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US President Barack Obama delivers remarks on the situation in Ukraine from the press briefing room at the White House in Washington Reuters

Before he leaves office early next year, President Barack Obama expects a "full review" of Russia's reported involvement in tampering with the US election via efforts to hack into US voting systems and the Democratic National Committee's servers.

The move has bi-partisan support and Republicans have been laying the groundwork this week, but at the moment it does not look likely to overturn the election result.

"The president has directed the intelligence community to conduct a full review of what happened during the 2016 election process ... and to capture lessons learned from that and to report to a range of stakeholders, to include the Congress," Lisa Monaco, Obama's counterterrorism and homeland security adviser, said during an event hosted by the Christian Science Monitor Friday (9 December).

Republicans seek to probe Russian cyber-intrusions during the election. "I am going to lead the charge to investigate Russia's role, not only in the elections, but throughout the world," said South Carolina's Republican Senator Lindsey Graham in an interview with CNN on 7 December, "I'm going after Russia in every way you can go after Russia."

Graham and Senate Armed Services Chair and Arizona Senator John McCain have been looking at Russian attempts to hack US weapons systems in a separate probe as well. McCain said he has been "working closely" with Select Intelligence Committee Chair Richard Burr to investigate Russia's suspected interference in the US elections.

"I think they're one of the most destabilising influences on the world stage," Graham told CNN. "I think they did interfere with our elections and I want Putin personally to pay the price."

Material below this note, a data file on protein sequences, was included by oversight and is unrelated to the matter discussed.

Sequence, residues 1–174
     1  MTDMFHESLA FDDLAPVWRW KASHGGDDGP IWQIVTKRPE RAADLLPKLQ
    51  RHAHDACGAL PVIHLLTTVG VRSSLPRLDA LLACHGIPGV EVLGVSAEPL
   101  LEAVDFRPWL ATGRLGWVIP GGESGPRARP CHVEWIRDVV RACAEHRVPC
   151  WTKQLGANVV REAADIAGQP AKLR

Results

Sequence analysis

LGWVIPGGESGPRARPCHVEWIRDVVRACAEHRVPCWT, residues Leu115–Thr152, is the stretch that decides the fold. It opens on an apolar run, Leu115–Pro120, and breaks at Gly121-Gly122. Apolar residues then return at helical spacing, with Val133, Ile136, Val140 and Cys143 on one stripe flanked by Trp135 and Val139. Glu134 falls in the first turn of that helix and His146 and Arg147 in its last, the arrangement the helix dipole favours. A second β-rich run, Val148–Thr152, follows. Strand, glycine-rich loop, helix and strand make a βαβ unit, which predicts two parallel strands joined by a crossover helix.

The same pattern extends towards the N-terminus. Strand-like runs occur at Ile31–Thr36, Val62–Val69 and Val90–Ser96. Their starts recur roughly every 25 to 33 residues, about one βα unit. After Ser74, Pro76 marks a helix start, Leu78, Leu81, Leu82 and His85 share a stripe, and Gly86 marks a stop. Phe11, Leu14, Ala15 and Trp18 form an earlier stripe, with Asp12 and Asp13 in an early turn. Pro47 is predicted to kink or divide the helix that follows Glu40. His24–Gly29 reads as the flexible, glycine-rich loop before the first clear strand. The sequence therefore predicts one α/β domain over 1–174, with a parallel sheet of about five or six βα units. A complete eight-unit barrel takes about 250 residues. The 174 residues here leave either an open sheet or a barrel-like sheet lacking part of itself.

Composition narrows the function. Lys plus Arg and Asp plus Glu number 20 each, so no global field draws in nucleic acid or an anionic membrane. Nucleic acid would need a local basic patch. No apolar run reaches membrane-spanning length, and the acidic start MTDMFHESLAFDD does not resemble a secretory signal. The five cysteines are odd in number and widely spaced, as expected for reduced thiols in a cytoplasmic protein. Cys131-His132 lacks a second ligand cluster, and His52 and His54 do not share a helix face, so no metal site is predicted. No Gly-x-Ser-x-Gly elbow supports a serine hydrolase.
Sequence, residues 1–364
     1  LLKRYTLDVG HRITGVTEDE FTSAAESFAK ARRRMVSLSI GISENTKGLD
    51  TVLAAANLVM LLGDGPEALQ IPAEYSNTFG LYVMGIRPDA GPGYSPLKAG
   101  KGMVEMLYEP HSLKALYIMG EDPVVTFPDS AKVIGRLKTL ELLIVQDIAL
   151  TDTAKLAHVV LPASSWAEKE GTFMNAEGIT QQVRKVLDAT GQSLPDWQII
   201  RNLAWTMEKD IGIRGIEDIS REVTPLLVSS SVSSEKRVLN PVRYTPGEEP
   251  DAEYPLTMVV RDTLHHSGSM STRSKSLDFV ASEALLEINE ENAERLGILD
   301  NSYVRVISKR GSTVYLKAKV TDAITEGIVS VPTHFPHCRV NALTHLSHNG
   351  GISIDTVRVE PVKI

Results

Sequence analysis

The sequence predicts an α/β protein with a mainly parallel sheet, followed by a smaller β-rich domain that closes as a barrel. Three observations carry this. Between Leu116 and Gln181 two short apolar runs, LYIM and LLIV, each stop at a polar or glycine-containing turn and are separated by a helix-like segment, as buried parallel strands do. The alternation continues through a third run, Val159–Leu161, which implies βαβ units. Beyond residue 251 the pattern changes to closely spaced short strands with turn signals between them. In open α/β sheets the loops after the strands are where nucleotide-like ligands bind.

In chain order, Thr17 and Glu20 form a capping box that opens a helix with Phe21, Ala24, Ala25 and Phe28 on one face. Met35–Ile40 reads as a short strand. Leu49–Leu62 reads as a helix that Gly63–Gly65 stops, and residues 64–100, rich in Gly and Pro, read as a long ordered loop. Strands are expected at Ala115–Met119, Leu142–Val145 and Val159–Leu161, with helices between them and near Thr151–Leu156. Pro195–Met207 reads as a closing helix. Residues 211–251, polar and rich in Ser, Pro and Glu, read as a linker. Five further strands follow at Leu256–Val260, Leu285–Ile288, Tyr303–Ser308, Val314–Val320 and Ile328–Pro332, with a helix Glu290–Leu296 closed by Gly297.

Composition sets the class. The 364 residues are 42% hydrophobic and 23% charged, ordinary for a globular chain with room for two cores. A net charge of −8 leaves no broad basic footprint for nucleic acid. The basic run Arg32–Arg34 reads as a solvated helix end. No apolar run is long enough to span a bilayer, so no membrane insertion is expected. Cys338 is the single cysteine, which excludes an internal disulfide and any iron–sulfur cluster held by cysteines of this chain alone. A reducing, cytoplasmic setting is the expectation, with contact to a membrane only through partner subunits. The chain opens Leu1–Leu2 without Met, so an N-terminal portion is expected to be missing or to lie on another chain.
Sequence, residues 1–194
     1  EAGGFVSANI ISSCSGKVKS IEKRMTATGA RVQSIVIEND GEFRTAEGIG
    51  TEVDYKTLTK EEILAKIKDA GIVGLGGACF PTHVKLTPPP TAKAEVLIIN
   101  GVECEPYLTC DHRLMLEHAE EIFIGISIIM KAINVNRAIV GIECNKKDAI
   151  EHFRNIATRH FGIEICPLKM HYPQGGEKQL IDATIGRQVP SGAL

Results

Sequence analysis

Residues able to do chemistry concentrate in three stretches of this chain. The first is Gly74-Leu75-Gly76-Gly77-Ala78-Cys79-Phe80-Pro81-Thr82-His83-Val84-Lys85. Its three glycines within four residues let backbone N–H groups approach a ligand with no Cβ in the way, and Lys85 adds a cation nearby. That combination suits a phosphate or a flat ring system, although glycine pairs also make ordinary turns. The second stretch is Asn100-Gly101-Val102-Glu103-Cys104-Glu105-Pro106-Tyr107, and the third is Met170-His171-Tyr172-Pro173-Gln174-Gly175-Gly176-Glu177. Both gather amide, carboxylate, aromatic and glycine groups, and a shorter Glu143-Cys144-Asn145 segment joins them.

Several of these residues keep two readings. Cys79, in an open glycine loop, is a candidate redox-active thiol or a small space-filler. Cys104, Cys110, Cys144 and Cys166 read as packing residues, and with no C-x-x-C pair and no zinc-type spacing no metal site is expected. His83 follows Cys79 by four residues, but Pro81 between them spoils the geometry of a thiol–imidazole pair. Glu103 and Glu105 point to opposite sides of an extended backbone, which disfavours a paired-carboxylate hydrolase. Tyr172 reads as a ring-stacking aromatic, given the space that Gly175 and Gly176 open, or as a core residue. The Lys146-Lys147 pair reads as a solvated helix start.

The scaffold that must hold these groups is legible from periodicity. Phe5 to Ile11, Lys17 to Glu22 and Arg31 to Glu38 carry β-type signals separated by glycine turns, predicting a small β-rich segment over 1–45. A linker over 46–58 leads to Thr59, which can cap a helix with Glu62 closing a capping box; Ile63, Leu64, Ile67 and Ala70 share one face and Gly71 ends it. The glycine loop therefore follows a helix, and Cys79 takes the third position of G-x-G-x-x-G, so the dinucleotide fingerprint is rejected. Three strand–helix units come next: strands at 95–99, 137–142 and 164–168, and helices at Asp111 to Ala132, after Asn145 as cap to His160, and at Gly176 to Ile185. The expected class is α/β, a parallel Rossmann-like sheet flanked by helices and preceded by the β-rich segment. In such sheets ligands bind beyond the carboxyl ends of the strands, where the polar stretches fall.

Early this month seven Democratic senators sent a letter to Obama calling for him to declassify details, "concerning the Russian government and the US election." It was signed by all the Democrats on the Senate Intelligence Committee.

The "problem with hacking is that if they're able to disrupt elections, then it's a national security issue, obviously," McCain said on 8 December.

Trump continued to dismiss claims of Russian interference in the election this week and was rebuffed by former CIA and NSA director Michael Hayden.

In an interview published in Time Magazine which named Trump "person of the year," the president-elect said, "I don't believe [Russia] interfered" in the election, after emails were published by WikiLeaks, reportedly hacked from the Democratic National Committee's server and Clinton campaign.

Trump said he thought a statement by the US Director of National Intelligence in October identifying Russia as the source of the cyber-intrusion was politically motivated.

"The president-elect is factually incorrect," Hayden said in New York on 7 December, a day after the Time article appeared, when asked about Trump's stance on Russia's involvement in hacking the Democratic party over the summer.

In October, Secretary of Homeland Security, Jeh Johnson warned US states that, "malicious cyber actors have been scanning a large number of state systems, which could be a preamble to attempted intrusions." More than 20 states were targeted by the attackers.

In a few cases, "we have determined that malicious actors gained access to state voting-related systems. However, we are not aware at this time of any manipulation of data," Johnson said. He urged state election officials to seek assistance in bolstering cybersecurity ahead of the 8 November election.

Green Party leader Jill Stein has mounted a campaign to get a by-hand recount in states where cybersecurity experts and statistician have raised concerns about the security of voting equipment and abnormalities in the vote. But her efforts have been rebuffed and tied up in legal proceedings. Early this week a judge quashed her efforts for a recount in Michigan.

Throughout the 50 states, governors have said that they have seen no evidence of direct tampering that changed the outcome of the election.

During proceedings against Stein in Michigan, Trump's lawyers forwarded the same conclusion. "All available evidence suggests that the 2016 general election was not tainted by fraud or mistake," they said in a court filing.